Mornington News 31 March 2020

Page 9

Virus blamed for Eagle being frozen in flight Keith Platt keith@mpnews.com.au THE estimated $20 million Eagle cable car ride at Arthurs Seat has been placed in the hands of administrators. The ride that started carrying passengers in December 2016 ground to a halt last week in line state government directives to stop the spread of COVID-19. Eleven permanent employees will be retained to maintain the infrastructure and its gondolas while 41 casual employees have lost their jobs. Lisa Macnamara, senior corporate affairs manager at Pricewaterhouse Coopers, said the closure was due to “the government’s advice on COVID-19, which coincided with the appointment of the voluntary administrators [Craig Crosbie and Robert Ditrich] the following day [23 March]”. “Due to the rapidly changing nature of the COVID-19 situation, a potential reopening date cannot be provided at this stage.” Ms Macnamara said full time Eagle employees would be kept on to “ensure the site remains well maintained and in a safe condition”. “Efforts to secure long term funding will commence immediately, so that Arthurs Seat Eagle can be quickly brought back into service at the appropriate time.” Ms McNamara said a creditors’ meeting was scheduled for 2 April. Documents released by the Australian Securities and Investments Commission (ASIC) say the possibility of appointing administrators was referred

to PrcewaterhouseCoopers on 17 March by Joanne Hardwick of Piper Alderman, lawyer for Tracey Cooper, a director of the Arthurs Seat Eagle. The administrators were appointed on 23 March. Simon McKeon, one of The Eagle’s four shareholders, told The News that all creditors would receive “100 cents in the dollar”. He said summer had been “very difficult for outdoor tourism attractions”. There were “a few” good days around Christmas, but then came the bushfires “and who wants to ride in a gondola in smoke haze?”. Previous years had seen a steady increase in passenger numbers. He said the administrators had been appointed at the same time that The Eagle was unable to run because of the coronavirus, “although there is no money owed to banks or other financial institutions”. Mr McKeon, a former Australian of the Year, CSIRO chairman (20102015), Macquarie Bank executive and National Australia Bank director, said there had been no option but to suspend running The Eagle “when the world went into a tailspin a week or so ago”. “This is likely the worst economic event seen in our lifetimes,” he said. “The reality each day is that it gets worse, not better. “The good news is that, unlike the second year of World War II, there will be a scientific resolution of the problem. “A paralysed world will be coming out the other side more fragile.” Many people would have been eco-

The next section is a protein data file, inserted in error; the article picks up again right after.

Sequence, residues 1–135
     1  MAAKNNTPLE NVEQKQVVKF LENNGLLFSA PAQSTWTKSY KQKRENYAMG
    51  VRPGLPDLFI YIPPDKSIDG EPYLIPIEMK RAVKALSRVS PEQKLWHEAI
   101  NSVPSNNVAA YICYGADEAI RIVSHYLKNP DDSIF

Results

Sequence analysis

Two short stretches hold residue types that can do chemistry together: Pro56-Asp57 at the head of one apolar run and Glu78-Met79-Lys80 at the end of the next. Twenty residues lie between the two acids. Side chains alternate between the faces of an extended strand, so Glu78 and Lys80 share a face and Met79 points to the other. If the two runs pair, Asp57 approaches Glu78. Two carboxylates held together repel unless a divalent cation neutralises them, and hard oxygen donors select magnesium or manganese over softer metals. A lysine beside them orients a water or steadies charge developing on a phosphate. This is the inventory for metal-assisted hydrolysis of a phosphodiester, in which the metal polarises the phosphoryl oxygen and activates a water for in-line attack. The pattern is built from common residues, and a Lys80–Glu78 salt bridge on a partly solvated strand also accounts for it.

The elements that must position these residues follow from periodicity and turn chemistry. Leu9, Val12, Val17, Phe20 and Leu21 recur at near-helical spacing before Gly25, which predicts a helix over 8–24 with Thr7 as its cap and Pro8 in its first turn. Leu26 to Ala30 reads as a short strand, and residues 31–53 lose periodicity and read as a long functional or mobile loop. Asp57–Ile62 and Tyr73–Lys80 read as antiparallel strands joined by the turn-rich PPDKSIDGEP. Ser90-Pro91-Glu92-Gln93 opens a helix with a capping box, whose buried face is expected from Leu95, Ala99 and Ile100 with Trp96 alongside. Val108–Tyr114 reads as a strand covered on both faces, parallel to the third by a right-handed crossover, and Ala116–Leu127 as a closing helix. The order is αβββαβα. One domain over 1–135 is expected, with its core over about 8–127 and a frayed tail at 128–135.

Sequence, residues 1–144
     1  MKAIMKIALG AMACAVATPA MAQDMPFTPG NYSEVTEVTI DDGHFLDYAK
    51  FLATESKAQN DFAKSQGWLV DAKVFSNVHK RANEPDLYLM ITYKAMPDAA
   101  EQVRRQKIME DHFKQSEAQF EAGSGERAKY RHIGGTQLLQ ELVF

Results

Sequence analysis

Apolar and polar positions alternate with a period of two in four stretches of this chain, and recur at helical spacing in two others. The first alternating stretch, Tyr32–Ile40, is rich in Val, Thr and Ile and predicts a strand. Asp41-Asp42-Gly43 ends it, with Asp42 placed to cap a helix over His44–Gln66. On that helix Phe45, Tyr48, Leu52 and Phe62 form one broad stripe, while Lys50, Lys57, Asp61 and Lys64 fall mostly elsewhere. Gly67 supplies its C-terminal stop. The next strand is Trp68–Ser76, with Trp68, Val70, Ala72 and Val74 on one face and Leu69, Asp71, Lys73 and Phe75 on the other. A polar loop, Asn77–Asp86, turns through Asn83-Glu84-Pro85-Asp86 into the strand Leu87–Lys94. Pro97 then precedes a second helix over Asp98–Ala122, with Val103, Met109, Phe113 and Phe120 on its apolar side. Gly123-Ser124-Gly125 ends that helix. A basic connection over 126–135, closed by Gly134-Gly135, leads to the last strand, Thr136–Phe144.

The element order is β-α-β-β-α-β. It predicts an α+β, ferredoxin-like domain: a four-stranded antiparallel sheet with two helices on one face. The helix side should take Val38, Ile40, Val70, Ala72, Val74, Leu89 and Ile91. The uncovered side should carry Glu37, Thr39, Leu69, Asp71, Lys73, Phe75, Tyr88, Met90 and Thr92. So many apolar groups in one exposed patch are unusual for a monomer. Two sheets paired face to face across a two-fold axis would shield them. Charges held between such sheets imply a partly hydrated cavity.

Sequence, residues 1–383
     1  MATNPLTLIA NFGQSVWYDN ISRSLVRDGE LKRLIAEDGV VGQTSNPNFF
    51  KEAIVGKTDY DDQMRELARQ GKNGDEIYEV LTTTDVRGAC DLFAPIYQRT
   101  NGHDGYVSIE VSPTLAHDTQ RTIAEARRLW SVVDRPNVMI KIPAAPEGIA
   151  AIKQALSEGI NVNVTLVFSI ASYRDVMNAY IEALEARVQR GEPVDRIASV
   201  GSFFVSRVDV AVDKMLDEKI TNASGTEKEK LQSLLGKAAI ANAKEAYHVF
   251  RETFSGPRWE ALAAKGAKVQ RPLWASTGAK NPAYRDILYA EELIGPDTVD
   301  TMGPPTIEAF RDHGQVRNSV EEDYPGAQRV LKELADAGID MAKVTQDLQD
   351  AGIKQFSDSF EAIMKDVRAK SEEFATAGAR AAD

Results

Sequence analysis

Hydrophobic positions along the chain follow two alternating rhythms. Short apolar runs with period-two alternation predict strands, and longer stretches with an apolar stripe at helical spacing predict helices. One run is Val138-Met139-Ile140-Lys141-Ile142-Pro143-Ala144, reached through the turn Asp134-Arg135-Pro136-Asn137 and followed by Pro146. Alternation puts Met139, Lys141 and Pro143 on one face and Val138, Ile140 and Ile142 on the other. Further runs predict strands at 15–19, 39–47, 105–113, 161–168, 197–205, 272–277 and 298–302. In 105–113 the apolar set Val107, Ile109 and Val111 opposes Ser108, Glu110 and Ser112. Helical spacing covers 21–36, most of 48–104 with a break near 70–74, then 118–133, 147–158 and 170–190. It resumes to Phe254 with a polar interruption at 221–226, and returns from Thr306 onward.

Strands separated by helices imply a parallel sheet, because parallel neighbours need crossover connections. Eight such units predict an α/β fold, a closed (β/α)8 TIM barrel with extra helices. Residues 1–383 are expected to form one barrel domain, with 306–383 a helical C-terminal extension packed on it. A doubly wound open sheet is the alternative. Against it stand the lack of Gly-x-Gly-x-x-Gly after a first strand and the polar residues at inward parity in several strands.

nomically wounded and left without the ability to be so prosperous. However, The Eagle would be able to reopen “the moment the government says so”. “The cafes and gondolas will be fully maintained so they can open earlier rather than later.” In Mr McKeon’s estimate, that may be within four to six months. It is understood the administrators will provide an opportunity for The Eagle to resolve differences at the shareholder level, although it is not known if all four shareholders - Mr McKeon, Peter Gunn, Hans Brugman and Robin Waterbury - will remain in the long term. The Eagle and its 24 Swiss made upmarket gondolas replaced the original Arthurs Seat chairlift which opened in December 1960 and closed in 2006 after several safety incidents and mechanical problems. Construction of the Eagle followed objections by nearby residents, appeals to the Victorian Civil Administrative Tribunal and saw the state government revoke Mornington Peninsula Shire’s authority to oversee the project. “There is no better way to communicate the scope of this gondola journey than to give it a name that its riders can truly connect with,” Arthurs Seat then Skylift CEO Hans Brugman said before the Eagle’s launch in 2016. “The Eagle name invokes how our guests will feel as they smoothly soar over the state ark, getting a bird’s eye view of the bay and the peninsula, right across to the city and further afield.”

Taking no passengers: Not a gondola in sight as The Eagle cable car ride at Arthurs Seat is mothballed due to the COVID-19 pandemic. Picture: Yanni

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FIVE year olds Georgie McCarthy and Alannah Turner, of Mt Eliza, at the multiple birth association event. Picture: Supplied

The joys of multiple births TEN multiple-birth families from Frankston and the Mornington Peninsula met at Angus and Rose at The Briars, Mount Martha, Sunday 15 March. The families are members of the Frankston and Mornington Peninsula Multiple Birth Association which provides peer support for parents of multiple birth children (twins, triplets or more). Families expecting twins or more babies are encouraged to connect with others as multiplebirth parents are at increased risk of perinatal health issues, such as anxiety and depression. Services provided by the association include subsidised playgroups in conjunction with

Chisholm TAFE, library, equipment hire, inhome support, and meals for families with new multiple babies, as well as social meetings and family functions. “We had a lovely afternoon in the gardens, sharing afternoon tea, bug hunting and potting activities for the kids and a chance to catch up with other multiple birth families and have ‘support from those who know’,” member Ariane Tebb said. “The peer support and a chance for the adults and the kids to meet new people and see familiar faces again was refreshing and invaluable. It was a chance to celebrate the joys and unique challenges of having twins, triplets or more.”

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31 March 2020

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